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Shakespeare Helps Children with Autism Communicate

  • Published: 2016-10-13 : Author: Ohio State University Wexner Medical Center : Contact:
  • Synopsis: Study showed improvement in social and communication skills of children with ASD using signature approach pairing recitation of Shakespeare rhythmic language with physical gesture.

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"At the end of the study, which incorporated Shakespeare's play The Tempest, children with autism showed significant improvement in their social skills and their ability to engage in social relationships..."

Children with ASD often have trouble understanding non­verbal behavior in social interactions and struggle to communicate. Many avoid eye contact and miss visual cues, making it difficult to maintain peer relationships and share enjoyment of mutual interests.

Results, published recently in the journal Research and Practice in Intellectual and Developmental Disabilities, showed better language skills and recognition of facial expressions in children with ASD.

"At the end of the study, which incorporated Shakespeare's play The Tempest, children with autism showed significant improvement in their social skills and their ability to engage in social relationships," said Marc J. Tassé, professor of psychology and psychiatry and director of the Nisonger Center at The Ohio State University Wexner Medical Center.

Fourteen children with ASD were enrolled for the only systematic implementation of a drama-­based social skills intervention known as the "Hunter Heartbeat Method," created by Kelly Hunter, an actress in the Royal Shakespeare Company in London. The novel therapeutic approach was designed to improve social interaction, pragmatic language and facial-emotion recognition skills of individuals with ASD.

"These children are taught these core skills in a very relaxed and playful environment, where it's almost like they're not aware they're being taught," said Tassé, also co­author of the study.

Each session of the "Hunter Heartbeat Method" begins with the children quietly seated in a circle on the floor making a "Hello Heartbeat" by tapping their hand on their chest. This allows them time to adapt to the environment and signifies transition into the session. Facilitators then lead the children through a series of games based on the plot of The Tempest, which focus on skills such as facial­emotion recognition, eye contact, gross motor imitation, affective imitation, pragmatics of dialogue exchange, personal space, turn taking, affective expression, humor, and social improvisation.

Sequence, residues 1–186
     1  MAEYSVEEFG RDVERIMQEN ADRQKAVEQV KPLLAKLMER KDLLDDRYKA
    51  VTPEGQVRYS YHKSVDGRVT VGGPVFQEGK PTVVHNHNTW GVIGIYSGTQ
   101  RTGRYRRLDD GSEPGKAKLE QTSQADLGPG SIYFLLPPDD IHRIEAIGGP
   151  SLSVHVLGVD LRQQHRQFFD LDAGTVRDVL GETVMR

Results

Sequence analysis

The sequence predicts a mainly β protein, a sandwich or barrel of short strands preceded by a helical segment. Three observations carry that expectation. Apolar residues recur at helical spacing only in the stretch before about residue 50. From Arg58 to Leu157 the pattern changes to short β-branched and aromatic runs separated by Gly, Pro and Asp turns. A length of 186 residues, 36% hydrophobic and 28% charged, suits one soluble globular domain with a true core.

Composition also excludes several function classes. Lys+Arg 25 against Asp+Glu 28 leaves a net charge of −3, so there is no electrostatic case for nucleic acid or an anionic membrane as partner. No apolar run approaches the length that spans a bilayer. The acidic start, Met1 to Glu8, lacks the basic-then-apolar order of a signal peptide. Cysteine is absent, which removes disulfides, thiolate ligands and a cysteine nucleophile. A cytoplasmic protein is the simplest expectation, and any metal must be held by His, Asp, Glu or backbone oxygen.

Initially, two facilitators model the game in the center of the circle, subsequently, facilitators and children break into two-somes for one-­to-­one repeated practice and retroactive feedback of the game. Facilitators and children then return to the circle where they take turns "performing" for the other participants. After a number of games, which ultimately reflect the plot progression of The Tempest, the "Hunter Heartbeat Method" intervention concludes with a "Goodbye Heartbeat."

"You interact with someone, you enjoy yourself and you get that intrinsic reinforcement of socializing ­­ children with autism don't always get to experience that," said Maggie Mehling, co­author and psychology graduate assistant at Ohio State.

Pre­test assessments were conducted to obtain baseline information for each child. The children participated in the intervention one hour per week after school for 10 weeks. At the conclusion of the study period, post­test assessments were completed, and parents and participants completed questionnaires regarding their impression of the intervention.

"It just blows me away every time I see how the kids are able to exceed all expectations with their ability to get engaged," Mehling said.

The research highlights the collaboration between the Nisonger Center, the Department of Theatre at Ohio State, the Department of Psychology at Ohio State, Columbus City Schools and the Ohio State University/Royal Shakespeare Company partnership.

Robin Root of the Department of Theatre at The University of North Carolina at Wilmington also participated in this research.

For more information about ASD research go to:­autism

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